SANTAQUIN, Utah—”Get me the mission president’s contact information right now or I’m flying to Africa.”
That’s what Sister Susan Hemlock spat at her husband early this morning when her son’s email failed to arrive. What began as a disappointed frown quickly grew into a fit of frenzied motherly instinct.
Brother Jason Hemlock, Susan’s husband, says it’s a scenario that’s played out before and it’ll play out again. “He’s been in the field for eight months now. He’s now been late on three emails, which equates to three aneurysms from Susan.”
Brother Hemlock says there always turns out to be a good reason for the delays. “Downed internet, meetings with the mission president, technical malfunctions … there’s always a reason, but Susan can’t help but jump to conclusions,” he said.
“He’s dead, I just know it,” Sister Hemlock tearfully bleated. “I read online that Africa is replete with headhunters and disease and … and wild dogs crying out in the night. Don’t you tell me he’s fine—I’ve seen Lion. I know what things are like there. He’s probably been Shanghaid in the Sahara. He’ll probably be suffering for the rest of his life in a Sarlacc Pit. Jason! Get me chocolate.”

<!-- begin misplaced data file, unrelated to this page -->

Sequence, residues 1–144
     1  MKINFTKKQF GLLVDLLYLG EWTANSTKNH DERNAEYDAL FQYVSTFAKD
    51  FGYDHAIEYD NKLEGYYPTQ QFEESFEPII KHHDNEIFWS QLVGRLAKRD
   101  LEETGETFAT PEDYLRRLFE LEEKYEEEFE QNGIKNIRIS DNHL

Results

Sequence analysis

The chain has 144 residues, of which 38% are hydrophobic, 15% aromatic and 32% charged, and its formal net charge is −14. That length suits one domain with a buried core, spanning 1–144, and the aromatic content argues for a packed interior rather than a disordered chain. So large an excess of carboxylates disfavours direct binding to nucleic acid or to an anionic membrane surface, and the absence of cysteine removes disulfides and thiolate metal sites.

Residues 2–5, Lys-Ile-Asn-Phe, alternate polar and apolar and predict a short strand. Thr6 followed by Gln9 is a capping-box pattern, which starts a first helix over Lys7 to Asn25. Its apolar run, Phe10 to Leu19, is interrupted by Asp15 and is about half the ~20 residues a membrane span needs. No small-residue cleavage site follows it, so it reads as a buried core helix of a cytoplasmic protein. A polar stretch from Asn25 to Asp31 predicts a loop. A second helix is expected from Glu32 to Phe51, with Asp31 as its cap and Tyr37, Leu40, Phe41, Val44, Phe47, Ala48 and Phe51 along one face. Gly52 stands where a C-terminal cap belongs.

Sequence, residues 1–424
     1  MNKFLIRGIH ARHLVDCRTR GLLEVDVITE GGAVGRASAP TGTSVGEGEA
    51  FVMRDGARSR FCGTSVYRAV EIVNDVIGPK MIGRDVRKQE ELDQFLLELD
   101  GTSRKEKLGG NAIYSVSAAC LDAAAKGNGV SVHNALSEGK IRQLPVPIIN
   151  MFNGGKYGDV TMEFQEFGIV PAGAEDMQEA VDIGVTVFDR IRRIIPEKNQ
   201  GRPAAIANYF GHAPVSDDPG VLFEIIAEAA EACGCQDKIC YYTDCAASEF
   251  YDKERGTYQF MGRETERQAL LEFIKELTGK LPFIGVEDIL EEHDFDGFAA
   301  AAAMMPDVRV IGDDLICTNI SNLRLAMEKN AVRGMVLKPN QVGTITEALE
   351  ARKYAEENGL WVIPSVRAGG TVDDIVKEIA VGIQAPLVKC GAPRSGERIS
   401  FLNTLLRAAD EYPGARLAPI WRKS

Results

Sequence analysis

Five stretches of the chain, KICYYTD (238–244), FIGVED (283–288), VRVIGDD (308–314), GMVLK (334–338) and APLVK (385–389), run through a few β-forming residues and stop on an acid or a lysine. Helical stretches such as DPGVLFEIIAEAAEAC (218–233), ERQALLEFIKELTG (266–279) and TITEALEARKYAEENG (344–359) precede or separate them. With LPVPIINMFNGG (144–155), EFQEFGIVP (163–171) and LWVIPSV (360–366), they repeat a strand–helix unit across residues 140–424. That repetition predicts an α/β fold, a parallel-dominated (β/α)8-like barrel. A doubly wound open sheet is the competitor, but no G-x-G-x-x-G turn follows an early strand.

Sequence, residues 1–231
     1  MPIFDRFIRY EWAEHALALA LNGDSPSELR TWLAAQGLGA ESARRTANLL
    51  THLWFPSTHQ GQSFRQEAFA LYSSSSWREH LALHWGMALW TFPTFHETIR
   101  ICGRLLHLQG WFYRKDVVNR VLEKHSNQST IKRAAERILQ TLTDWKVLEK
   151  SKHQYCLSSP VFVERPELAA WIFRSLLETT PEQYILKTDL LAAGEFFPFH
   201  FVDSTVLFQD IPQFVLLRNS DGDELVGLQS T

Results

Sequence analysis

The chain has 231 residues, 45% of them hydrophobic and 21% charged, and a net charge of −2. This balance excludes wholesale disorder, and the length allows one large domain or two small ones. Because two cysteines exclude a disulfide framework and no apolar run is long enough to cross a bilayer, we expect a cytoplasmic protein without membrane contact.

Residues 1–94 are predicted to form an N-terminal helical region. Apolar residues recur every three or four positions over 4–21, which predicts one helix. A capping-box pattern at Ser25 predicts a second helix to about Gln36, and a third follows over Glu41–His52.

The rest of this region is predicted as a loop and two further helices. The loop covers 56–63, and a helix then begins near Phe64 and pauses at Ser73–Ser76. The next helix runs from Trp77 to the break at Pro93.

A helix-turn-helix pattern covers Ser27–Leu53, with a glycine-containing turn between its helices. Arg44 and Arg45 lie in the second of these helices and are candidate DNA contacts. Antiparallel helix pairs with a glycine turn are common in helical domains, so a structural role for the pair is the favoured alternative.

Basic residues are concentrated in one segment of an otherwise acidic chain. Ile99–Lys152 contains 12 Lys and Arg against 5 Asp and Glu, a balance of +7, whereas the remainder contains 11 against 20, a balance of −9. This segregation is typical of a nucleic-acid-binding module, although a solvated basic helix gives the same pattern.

“Did she reference Lion? Yeah, she thinks that happened in Africa. It’s slightly offensive. Don’t quote her on that,” Brother Hemlock said.
Over the next seven hours, Sister Hemlock’s eyes were glued to her computer screen. She spent her time refreshing her emails, looking up flights, posting frantically to missionary mom Facebook groups and calling random hospitals in her son’s field of service.
Brother Hemlock spent that time watching football.
UPDATE: Elder Hemlock’s email didn’t arrive until the following P-day. By this time Sister Hemlock had sprouted 47 new gray hairs, lost twenty-three pounds and had drafted a touching obituary. She has given us permission to reprint an excerpt from his email home:
“Sorry about not writing last week. We only had a few minutes of P-day left and we ran into a Red Robin in the same mall as the internet cafe. We had to make choices. It was delicious. Hope you didn’t worry too much. Picture of burger attached.”
This article is satirical. The characters and story are invented, though the persona of the over-protective missionary mom is exceptionally close to the truth in some families. We love you, moms. Thanks for worrying.